If you’re in the market for a new house, learn all you can about home loans before going too far into the process.
Here are some things you may not know about home loans:
Rates fluctuate daily
If you’re looking for a new home, you may be checking mortgage rates as often as some people check their Twitter feeds, but rates fluctuate daily. Know that the rate you see today may be different than the one you actually get when you get approved for your loan.
The cheapest interest rate does not guarantee the cheapest loan
An adjustable-rate mortgages (ARM), which can be the loan boasting the lowest interest rate, may not have the lowest rate a few years down the line after it adjusts. Understanding the terms of when you are subject to an interest rate change and what the limitations to those changes is important.
A fixed-interest rate mortgage can ultimately cost you more
A fixed-rate mortgage can have a higher interest rate, however it would not be subject to a future change later in your term. If rates drop further throughout your loan’s term though, you won’t be able to take advantage of the new rates unless you refinance. In the event that you wished to refinance, you may be subject to another set of closing costs.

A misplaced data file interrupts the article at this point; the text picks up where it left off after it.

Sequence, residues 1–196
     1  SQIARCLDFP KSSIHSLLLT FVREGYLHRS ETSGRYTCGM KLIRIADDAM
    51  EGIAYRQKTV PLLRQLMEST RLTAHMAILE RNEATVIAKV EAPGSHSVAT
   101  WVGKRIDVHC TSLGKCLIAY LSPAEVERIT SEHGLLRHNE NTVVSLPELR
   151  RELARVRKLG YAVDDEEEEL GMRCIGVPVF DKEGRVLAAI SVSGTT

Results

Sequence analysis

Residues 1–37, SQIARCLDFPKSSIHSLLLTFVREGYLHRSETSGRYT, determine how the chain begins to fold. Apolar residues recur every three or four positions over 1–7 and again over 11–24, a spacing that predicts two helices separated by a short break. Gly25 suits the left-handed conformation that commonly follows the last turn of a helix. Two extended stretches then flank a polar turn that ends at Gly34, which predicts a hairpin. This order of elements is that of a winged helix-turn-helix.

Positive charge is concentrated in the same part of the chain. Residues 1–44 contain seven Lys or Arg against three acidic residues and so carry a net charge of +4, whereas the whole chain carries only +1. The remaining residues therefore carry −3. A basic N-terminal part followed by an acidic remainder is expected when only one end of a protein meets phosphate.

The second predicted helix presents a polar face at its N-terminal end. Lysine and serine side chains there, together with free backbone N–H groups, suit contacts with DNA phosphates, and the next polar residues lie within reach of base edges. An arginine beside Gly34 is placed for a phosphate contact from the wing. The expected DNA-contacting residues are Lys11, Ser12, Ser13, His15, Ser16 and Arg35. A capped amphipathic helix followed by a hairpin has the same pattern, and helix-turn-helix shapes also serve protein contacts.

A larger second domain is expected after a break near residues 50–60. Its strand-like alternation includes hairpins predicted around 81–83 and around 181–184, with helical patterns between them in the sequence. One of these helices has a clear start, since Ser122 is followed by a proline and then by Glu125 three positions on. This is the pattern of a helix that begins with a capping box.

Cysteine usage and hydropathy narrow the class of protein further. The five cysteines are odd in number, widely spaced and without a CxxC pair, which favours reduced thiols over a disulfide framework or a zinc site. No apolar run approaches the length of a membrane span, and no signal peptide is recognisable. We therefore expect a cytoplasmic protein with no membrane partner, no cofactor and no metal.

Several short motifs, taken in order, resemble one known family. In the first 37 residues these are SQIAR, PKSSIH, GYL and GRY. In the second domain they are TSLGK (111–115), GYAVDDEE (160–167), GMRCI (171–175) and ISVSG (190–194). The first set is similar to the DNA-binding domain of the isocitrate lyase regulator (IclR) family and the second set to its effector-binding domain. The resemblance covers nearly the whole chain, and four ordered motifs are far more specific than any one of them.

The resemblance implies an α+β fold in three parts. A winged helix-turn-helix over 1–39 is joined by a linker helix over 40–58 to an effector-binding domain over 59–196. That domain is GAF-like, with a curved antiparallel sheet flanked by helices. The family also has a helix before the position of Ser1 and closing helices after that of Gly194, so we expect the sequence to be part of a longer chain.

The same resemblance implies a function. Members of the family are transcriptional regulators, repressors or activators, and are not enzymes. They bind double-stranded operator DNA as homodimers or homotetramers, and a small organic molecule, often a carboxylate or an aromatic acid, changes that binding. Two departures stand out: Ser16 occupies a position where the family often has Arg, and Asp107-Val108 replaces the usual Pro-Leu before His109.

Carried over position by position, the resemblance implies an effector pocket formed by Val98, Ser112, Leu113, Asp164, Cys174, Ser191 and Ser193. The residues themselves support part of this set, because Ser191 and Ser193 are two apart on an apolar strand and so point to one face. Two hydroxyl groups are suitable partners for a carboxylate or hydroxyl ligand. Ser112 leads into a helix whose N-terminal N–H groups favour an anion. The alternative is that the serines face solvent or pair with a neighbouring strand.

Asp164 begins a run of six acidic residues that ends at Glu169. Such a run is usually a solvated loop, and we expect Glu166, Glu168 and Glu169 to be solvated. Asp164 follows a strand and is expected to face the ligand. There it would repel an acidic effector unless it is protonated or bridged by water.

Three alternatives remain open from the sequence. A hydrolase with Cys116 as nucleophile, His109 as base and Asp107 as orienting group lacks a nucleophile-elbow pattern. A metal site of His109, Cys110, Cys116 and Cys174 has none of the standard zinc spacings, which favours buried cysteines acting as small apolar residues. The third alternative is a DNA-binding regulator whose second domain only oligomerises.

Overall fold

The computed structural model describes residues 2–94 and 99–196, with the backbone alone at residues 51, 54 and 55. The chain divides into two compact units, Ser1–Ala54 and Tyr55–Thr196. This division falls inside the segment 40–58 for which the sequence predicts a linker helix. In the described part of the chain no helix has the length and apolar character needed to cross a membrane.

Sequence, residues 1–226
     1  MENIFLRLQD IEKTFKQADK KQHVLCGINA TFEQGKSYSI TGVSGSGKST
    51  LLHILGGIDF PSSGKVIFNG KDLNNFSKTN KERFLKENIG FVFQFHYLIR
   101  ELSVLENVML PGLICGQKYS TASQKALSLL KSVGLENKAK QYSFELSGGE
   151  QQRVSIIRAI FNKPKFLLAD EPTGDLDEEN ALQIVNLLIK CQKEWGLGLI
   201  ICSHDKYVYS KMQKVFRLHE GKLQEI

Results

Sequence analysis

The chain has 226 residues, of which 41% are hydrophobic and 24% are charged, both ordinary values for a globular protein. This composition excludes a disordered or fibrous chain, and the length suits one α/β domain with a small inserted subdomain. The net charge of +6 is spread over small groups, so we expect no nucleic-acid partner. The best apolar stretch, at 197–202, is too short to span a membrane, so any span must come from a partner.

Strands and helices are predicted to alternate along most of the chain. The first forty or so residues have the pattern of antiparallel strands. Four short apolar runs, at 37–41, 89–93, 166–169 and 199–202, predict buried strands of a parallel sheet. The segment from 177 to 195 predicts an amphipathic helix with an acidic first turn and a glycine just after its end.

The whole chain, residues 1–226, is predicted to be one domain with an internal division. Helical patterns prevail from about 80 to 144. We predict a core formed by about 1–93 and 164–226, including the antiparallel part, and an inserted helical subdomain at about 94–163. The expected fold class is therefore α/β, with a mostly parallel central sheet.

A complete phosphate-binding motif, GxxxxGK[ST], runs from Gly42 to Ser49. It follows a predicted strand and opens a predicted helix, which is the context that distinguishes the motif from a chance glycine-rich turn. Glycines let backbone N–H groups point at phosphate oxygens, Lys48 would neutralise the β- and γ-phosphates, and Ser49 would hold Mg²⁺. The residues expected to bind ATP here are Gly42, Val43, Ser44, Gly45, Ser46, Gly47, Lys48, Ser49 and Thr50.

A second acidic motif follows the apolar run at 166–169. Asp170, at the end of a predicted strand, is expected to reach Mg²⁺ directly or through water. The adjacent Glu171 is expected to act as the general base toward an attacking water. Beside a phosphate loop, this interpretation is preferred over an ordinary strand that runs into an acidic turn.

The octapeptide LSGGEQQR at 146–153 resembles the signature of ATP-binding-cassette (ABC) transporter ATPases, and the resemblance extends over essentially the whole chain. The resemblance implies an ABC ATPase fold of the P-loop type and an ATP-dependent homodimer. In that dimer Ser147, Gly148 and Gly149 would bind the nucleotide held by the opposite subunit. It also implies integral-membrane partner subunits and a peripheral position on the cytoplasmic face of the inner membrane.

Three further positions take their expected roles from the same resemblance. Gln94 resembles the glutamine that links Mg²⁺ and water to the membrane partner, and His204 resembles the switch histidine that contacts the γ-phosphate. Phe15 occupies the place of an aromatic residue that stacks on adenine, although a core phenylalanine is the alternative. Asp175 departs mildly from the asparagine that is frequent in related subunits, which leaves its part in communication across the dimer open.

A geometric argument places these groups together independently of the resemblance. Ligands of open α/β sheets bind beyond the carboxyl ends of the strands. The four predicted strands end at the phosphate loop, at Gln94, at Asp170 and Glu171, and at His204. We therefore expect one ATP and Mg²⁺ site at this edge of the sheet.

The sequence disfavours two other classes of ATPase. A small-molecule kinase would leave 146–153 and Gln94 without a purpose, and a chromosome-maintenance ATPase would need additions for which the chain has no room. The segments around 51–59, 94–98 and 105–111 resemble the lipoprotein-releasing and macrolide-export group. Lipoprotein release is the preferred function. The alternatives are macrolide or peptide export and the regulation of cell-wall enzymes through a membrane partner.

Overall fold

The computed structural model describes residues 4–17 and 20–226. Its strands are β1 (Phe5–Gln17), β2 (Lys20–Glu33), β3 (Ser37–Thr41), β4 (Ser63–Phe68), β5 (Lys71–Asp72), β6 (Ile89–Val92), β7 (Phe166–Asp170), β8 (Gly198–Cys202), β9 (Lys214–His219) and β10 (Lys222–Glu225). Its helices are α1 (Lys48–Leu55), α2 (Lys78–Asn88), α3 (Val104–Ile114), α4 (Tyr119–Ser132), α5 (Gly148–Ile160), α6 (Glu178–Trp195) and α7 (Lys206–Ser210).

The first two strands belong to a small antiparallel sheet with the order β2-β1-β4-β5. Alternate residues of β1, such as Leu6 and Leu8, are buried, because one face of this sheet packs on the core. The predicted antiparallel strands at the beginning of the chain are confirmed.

A lower credit score will cost the borrower
A high credit score can translate into tens of thousands of dollars in interest payments saved over the life of a home loan. A credit score difference of 100 points can increase a monthly mortgage payment by $150 or more.
The housing market impacts rates
Lenders need to turn a profit from their loans, which means the higher the volume of loans they process, the less they need to earn from each one to remain profitable. When the housing market is booming, and lenders are granting loans on a frequent basis, they will be more inclined to offer lower interest rates to borrowers.
You can have your mortgage payments automated
Missing a mortgage payment or paying it late can have serious consequences. Avoid that by signing up to have your monthly mortgage payments automatically deducted from your checking account.